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Do you host enterprise workloads on Fedora servers rather than RHEL? Why or why not?
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I think you should be very honest and clearly state that nearly all of what is considered "new" in RH7 has been in place and in production in other distributions.

This reminds me so much of the days when Microsoft would pretend to present "innovations" and "new developments" to its user base, while in for many other OS' it was mundane.

We have a hosting company that insists on providing RH6 because of "accountability" which, as long as I have been at the company, has never been an issue. The only time that company contacted RH relative to our account was when I asked them to do something at the kernel level. It had to do with RH providing it's kernels with preempt enable and the kernel timing at 1000hz for a "responsive desktop," when we are running a server. The response RH gave them had nothing to do with what I had asked and I also disproved it factually. That company, still didn't want to make a change which would have been beneficial to us based on their ineptitude and that or RH. So the "support" failed. Debian provides a preempt kernel set at 250Hz, without support. There are times when you will need support having to do with the Kernel and RH is not the "kernel," so any company or individual which has a good understanding of its working should be able to help.

At a hedge fund located in midtown Manhattan, the only RH machine was running version 4 because of a Bloomberg application, so it was moved inside of a VM running on Debian. After that all of the systems were running on Debian because it made our lives much easier due to flexibility and package availability. XFS was the filesystem of choice also and that was in 2001; so financial firm with high volume traffic running on Debian. That was possible because our CTO and lead admin were serious and dedicated UNIX/Linux users who understood the technology well enough to not be swayed by FUD. If there was a problem they understood what to do.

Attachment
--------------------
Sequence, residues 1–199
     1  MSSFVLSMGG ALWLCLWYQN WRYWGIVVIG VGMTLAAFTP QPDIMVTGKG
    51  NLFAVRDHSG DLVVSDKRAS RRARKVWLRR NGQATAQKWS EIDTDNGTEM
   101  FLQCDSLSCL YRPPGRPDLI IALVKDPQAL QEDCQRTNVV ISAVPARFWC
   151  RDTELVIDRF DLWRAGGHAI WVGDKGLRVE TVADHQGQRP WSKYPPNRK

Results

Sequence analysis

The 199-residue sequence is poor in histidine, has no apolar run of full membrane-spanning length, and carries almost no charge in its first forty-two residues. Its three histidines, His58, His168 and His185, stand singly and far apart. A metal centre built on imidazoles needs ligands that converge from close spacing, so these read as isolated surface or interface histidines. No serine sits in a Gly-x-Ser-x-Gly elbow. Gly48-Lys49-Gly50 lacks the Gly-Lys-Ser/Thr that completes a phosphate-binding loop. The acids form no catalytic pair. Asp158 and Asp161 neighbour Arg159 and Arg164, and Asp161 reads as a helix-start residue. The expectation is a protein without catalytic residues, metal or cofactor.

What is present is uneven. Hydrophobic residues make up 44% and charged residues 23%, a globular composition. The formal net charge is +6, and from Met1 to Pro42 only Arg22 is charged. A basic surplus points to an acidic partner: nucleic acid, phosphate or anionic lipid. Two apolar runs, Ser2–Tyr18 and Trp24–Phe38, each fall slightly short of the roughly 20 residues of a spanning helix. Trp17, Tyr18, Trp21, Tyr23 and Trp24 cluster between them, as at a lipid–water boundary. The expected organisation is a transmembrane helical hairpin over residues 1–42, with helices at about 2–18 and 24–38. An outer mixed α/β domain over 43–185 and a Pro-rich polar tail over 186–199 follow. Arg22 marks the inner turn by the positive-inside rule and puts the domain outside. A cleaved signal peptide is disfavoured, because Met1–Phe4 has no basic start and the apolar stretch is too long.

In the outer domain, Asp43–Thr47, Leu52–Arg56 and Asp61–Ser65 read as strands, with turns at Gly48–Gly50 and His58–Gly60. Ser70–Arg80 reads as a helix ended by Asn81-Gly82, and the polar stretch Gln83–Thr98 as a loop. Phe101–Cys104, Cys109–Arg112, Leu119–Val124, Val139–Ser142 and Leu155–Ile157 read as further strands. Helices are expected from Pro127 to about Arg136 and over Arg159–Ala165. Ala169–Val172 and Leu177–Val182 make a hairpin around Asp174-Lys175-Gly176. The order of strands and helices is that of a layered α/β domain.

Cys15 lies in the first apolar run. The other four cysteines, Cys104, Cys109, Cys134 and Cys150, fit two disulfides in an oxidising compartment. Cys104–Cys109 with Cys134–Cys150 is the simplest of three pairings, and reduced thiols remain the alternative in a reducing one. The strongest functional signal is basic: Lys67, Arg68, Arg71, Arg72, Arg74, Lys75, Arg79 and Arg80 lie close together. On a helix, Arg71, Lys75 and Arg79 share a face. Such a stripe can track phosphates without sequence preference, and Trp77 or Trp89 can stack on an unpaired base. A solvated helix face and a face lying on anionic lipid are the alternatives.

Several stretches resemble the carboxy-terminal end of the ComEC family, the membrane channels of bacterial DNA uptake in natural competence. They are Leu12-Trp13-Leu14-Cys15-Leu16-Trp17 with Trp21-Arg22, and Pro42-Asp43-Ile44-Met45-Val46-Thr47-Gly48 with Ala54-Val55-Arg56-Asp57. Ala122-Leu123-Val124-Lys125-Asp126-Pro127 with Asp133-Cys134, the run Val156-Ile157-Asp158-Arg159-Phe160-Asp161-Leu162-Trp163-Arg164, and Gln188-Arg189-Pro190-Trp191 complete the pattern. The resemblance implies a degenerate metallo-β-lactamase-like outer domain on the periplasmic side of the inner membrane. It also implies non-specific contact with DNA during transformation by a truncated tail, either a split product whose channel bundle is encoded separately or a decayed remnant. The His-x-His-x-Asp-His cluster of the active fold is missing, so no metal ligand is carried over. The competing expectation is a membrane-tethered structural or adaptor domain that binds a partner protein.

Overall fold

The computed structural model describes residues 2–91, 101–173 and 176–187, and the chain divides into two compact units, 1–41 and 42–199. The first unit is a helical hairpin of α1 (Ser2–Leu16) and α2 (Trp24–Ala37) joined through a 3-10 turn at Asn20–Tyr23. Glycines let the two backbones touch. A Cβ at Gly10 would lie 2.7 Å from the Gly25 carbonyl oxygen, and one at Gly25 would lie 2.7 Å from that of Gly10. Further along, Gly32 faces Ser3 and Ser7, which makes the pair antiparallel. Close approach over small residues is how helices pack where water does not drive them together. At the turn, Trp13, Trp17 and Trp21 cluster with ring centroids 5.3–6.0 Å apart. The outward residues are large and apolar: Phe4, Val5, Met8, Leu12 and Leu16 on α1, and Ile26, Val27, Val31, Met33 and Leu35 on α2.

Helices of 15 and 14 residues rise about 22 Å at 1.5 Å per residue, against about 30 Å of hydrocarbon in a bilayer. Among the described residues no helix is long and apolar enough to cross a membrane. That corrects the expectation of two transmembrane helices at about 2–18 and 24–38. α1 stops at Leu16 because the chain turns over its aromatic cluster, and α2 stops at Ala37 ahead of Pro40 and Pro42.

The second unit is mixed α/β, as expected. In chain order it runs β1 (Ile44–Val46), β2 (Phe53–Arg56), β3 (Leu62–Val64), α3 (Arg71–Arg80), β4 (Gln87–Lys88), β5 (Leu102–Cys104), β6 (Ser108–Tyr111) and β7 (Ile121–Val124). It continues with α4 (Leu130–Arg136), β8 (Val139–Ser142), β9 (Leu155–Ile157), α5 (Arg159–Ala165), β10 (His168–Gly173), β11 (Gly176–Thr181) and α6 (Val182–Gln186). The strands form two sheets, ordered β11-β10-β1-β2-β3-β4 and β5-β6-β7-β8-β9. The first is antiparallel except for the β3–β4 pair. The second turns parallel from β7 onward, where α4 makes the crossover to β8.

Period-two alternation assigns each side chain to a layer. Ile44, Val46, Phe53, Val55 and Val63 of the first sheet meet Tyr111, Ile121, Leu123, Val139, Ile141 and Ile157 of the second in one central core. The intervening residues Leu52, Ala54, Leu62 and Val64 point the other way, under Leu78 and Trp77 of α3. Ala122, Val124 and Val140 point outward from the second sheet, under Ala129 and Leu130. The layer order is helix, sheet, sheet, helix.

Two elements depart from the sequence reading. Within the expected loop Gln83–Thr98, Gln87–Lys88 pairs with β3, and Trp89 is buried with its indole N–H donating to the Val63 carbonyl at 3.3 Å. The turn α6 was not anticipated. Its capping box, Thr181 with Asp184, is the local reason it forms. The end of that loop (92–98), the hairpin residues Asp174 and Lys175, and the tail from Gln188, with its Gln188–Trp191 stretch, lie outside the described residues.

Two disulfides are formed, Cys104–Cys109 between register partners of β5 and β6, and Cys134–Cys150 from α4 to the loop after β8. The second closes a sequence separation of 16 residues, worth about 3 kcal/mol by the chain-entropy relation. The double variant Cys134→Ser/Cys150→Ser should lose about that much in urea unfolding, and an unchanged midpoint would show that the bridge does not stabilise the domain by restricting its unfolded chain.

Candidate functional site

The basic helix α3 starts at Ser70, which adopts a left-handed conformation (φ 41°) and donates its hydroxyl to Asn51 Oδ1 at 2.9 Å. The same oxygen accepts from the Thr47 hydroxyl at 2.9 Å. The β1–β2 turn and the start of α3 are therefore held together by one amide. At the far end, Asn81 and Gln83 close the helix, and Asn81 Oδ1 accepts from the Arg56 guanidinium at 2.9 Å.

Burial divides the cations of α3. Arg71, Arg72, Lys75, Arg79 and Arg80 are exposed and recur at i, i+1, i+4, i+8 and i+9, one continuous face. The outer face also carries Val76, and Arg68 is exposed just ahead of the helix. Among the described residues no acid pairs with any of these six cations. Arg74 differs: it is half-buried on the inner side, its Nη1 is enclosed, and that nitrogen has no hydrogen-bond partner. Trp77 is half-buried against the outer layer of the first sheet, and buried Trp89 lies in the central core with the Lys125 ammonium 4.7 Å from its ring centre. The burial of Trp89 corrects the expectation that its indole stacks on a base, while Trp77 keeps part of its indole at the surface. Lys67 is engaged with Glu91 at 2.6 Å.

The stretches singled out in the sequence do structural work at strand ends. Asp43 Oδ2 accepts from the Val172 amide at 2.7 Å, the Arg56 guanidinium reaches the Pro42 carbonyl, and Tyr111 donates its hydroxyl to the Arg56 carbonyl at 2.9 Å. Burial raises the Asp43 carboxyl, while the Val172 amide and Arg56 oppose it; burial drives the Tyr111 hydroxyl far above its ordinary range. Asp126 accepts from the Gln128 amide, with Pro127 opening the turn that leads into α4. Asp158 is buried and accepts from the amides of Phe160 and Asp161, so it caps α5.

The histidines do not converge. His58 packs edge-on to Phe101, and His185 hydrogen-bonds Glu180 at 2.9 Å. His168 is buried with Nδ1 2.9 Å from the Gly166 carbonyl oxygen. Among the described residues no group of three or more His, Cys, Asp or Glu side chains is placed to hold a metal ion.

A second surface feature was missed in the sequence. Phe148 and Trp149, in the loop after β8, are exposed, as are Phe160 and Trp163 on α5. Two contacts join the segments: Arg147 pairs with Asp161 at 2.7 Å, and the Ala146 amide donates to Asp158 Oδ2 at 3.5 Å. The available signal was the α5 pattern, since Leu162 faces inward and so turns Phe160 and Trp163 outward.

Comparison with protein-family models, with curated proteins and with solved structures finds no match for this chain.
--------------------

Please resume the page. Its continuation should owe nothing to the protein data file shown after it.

I'm not denying the need for possible support, simply not based on criteria whose bases seem to result from the post traumatic stress of havig to deal with Windows.

When comprehension is present, there is hardly any need to defer to another's authority in the majority of cases.

By the way, the binary journal is still a major issue with systemd.

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By the way, it should also be noted that being that most other distributions are not late in adopting newer kernels, they have had greater opportunities to use containers.

Here is a the Ubuntu page:
https://help.ubuntu.com/lts/serverguide/lxc.html. Notice their use of AppArmor as opposed to SELinux to add a form of security to the containers. That is been as such since late 2012 if I'm not mistaken. Sorry but no GUI.

Also as a side note, there is LXC web panel https://lxc-webpanel.github.io/install.html; I haven't tried it.

I think docker is a great project and I hope that it will bring LXC to the same level as zones in Solaris and SmartOS and make a lot of people realize that in most cases, full machine virtualization is not needed and if work is done of making LXC secure and iproute features such as macvlan's much faster, LXC can be an amazing thing.

RH does a lot of great things for the Linux community; at the same time to tout certains things as advancement or worse give the impression that it's something new, is a bit disingenous on the part of anyone who know that they are not truly in the rest of the community.